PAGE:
Tennis or golfer’s elbow?

Painful irritation of the elbow tendons

Tennis or golfer’s elbow? - Tennis or golfer’s elbow?

What is tennis or golfer’s elbow: Definition of epicondylopathy (formerly known as “epicondylitis”).

"Tennis elbow is a type of epicondylopathy (also referred to as epicondylitis, epicondylosis or epicondylalgia). This refers to the painful tendon irritation on the outside of the elbow (Epicondylopathia humeri radialis) caused by overuse. If the epicondylopathy occurs on the inside of the elbow, this is referred to as golfer’s elbow (Epicondylopathia humeri ulnaris). Tennis elbow is more common than golfer’s elbow.

Tennis and golfer’s elbow are not, as has long been assumed, caused by inflammation (epicondylitis), but rather the irritation of the tendon insertions (epicondylopathy). "

There are two types of epicondylopathy:

Tennis and golfer’s elbow: Causes and risk factors

"All forearm muscles that are required for finger and wrist strength and movement are attached to the two bony prominences (epicondyles) of the humerus by the tendon insertions. Overloading of these muscles causes microscopic tears in the tissue. These can lead to changes in the tendon tissue.

Both excessive overloading caused by sporting activities, as well as monotonous low strain patterns of movement, can cause epicondylopathy: Occupational overloading can lead to epicondylopathy just as easily as excessive exercise. For example, people are often affected by straining their forearm muscles by typing on a keyboard, working with a PC mouse and performing manual activities."

Symptoms and signs that may indicate epicondylopathy

"Elbow pain that manifests as tenderness when the joint is pressed. With tennis elbow, the extensor tendons on the outside of the elbow are irritated. With golfer’s elbow, the flexor tendons on the inside of the elbow are affected.

When the muscles in the forearm are put under pressure, the pain in the elbow joint increases. This can also radiate to the lower and upper arm. It can also diminish hand and finger strength.

Initially, the pain only occurs when under pressure, e.g., when making a fist, gripping or lifting. As the disease progresses, the pain can be felt even when at rest."

How can tennis/golfer’s elbow be prevented?

Avoid common incorrect strain of the elbow joint:

  • Play tennis with the correct technique and, if necessary, invest in training sessions.
  • Use support pads when working at a computer and use an ergonomically-shaped mouse to relieve pressure on the forearm.
  • If you do manual work, then a cordless screwdriver will make your life easier.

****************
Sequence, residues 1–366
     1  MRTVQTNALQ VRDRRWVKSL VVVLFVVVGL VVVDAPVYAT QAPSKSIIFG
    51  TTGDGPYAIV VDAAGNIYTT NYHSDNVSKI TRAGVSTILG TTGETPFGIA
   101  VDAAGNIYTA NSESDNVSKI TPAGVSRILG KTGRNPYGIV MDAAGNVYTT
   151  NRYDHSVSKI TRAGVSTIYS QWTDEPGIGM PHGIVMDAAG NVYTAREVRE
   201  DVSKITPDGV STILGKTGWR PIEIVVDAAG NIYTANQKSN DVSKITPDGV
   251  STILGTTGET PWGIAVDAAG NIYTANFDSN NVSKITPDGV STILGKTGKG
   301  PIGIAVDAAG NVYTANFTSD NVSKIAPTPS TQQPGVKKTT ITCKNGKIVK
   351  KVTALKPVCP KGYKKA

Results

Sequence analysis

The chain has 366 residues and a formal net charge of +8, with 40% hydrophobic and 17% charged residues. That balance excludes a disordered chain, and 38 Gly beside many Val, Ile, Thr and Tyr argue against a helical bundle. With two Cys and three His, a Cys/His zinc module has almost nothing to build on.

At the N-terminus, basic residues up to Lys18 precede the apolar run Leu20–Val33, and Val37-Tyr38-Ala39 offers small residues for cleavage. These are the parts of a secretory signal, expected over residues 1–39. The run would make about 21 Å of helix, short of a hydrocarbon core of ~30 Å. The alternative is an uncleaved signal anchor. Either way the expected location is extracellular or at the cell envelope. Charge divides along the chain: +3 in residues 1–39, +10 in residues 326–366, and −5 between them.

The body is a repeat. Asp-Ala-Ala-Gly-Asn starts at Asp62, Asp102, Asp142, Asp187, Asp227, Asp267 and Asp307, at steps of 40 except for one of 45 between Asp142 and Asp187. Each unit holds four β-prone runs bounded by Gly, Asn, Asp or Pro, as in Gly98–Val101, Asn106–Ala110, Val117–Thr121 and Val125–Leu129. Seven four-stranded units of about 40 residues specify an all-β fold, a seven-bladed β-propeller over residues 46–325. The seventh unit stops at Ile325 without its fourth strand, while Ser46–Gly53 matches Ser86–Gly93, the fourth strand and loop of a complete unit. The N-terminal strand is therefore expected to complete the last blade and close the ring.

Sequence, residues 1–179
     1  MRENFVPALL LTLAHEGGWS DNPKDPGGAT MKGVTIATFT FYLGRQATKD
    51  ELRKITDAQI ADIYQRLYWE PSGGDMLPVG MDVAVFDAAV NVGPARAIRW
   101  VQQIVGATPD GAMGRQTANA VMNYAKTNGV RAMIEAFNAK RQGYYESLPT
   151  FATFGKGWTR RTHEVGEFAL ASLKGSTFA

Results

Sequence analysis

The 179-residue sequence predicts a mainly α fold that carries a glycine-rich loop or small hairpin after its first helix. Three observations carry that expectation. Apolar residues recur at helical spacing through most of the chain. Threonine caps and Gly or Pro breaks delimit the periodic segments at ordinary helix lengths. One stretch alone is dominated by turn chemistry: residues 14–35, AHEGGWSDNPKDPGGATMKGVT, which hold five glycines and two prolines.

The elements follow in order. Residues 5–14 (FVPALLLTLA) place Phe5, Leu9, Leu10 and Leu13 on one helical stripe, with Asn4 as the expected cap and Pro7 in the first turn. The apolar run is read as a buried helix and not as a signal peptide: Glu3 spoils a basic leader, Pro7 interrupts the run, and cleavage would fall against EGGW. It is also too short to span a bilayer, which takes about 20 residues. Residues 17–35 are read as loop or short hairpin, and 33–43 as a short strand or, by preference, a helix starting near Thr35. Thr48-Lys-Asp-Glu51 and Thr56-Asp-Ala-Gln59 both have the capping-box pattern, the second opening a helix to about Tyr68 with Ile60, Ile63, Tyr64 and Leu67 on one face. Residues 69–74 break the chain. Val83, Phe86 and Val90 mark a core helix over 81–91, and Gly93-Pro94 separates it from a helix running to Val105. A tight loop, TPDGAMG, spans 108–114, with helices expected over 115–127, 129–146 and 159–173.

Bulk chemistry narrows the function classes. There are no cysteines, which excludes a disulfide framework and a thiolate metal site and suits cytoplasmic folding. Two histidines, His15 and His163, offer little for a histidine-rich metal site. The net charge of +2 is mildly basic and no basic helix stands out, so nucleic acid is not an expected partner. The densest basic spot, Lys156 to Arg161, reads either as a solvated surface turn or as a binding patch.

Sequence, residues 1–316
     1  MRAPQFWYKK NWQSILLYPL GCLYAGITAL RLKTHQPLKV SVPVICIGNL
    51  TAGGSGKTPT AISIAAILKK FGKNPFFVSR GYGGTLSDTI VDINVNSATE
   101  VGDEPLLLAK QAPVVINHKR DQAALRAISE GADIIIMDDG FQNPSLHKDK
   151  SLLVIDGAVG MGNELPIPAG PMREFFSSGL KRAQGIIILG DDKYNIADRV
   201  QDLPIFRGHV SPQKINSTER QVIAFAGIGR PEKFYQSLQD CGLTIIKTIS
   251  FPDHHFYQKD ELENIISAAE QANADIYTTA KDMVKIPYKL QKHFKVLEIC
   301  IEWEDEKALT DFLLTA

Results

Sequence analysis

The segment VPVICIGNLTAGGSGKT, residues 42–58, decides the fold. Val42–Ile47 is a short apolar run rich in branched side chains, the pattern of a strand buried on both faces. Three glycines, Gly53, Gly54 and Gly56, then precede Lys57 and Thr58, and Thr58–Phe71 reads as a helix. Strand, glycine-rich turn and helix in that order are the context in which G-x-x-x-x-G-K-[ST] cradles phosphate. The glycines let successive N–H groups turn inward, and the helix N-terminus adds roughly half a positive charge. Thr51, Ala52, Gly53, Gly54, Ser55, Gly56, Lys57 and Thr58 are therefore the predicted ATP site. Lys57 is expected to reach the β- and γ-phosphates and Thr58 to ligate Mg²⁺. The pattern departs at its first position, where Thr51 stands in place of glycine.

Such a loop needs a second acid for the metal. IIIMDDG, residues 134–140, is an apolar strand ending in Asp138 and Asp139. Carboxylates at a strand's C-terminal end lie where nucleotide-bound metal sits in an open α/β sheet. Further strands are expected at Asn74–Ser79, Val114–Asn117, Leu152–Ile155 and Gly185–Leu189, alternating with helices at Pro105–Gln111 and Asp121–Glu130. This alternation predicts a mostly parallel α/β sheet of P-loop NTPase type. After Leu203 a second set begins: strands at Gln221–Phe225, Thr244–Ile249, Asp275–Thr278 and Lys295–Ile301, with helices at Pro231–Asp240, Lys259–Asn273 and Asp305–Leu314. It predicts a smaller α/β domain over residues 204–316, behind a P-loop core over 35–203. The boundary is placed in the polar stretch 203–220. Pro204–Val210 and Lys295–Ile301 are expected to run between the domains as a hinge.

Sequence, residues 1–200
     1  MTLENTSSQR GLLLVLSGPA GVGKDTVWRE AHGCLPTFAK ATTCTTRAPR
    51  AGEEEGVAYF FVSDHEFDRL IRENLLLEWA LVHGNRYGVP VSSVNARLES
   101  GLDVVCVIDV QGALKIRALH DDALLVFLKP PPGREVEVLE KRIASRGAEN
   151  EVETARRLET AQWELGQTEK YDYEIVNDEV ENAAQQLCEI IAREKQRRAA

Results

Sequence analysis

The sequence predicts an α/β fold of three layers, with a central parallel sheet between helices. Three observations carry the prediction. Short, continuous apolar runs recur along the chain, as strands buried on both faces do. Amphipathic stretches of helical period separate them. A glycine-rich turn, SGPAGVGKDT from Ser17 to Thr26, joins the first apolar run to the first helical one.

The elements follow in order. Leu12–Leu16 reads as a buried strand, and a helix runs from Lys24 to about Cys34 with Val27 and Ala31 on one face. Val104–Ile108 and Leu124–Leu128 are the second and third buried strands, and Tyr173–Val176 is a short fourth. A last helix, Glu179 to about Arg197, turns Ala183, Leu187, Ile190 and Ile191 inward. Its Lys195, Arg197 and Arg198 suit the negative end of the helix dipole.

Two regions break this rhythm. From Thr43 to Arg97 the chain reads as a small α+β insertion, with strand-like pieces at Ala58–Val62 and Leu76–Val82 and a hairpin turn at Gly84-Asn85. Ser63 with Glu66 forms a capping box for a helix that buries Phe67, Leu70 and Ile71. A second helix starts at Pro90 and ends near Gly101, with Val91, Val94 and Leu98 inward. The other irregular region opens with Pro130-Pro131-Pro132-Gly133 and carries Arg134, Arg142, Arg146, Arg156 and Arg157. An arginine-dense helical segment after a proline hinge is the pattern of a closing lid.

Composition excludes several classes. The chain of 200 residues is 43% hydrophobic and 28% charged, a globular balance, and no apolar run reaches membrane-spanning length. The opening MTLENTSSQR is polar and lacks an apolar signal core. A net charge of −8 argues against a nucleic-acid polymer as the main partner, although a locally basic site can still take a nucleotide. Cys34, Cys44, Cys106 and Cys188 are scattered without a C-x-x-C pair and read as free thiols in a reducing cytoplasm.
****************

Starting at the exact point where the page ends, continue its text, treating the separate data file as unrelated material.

• Lift objects so that the palm of your hand is facing your body.
  • And last but not least: Watch out for signs of overuse and take a break.

Treatment for epicondylopathy?

Firstly, the patient must change their usual patterns of movement in the workplace or when playing sports, to avoid one-sided stress. Accompanying therapeutic approaches support the rapid resolution of symptoms:

  • Supports: To relieve the irritated tendon insertions, many doctors first recommend an elbow bandage. The compressive knit structure of this bandage supports the affected forearm muscles. The tendons are relieved by the 3D pad and the strap.

  • Elbow brace: There are also special elbow braces, such as the medi Epibrace, for example. This has a built-in pad, which specifically reduces the pressure and prevents load spikes.

  • Operation: Epicondylopathy is rarely operated on. In most cases, tennis or golfer’s elbow can be treated conservatively.

  • Stretching exercises: Through eccentric training therapy (bending and overstretching of the wrist and stretching out the forearm), many patients can do a lot to help themselves to recover from epicondylopathy: Regular stretching reduces the pulling force at the tendon insertion and relieves muscle tension.

  • Strengthening: A comprehensive workout to strengthen the muscles can cure tennis or golfer’s elbow.

  • Cooling or warming: Both can support the therapy. In the acute stage and after intense stress, cold has a soothing effect – for example, using a cooling compress. In contrast, many patients find heat therapy much more pleasant in treating chronic tennis or golfer’s elbow.

  • Massage: Special massages (deep friction), as well as ultrasound or electrotherapy, stimulate blood flow.

  • Shock wave therapy: In persistent cases or for patients whose tendons have already calcified, epicondylopathy is treated using extracorporeal shock wave therapy (ESWT). Short, strong shock waves stimulate the body’s own healing process.

  • Other potential courses of action include acupuncture, injections and medication for pain reduction.

Physio exercises for epicondylopathy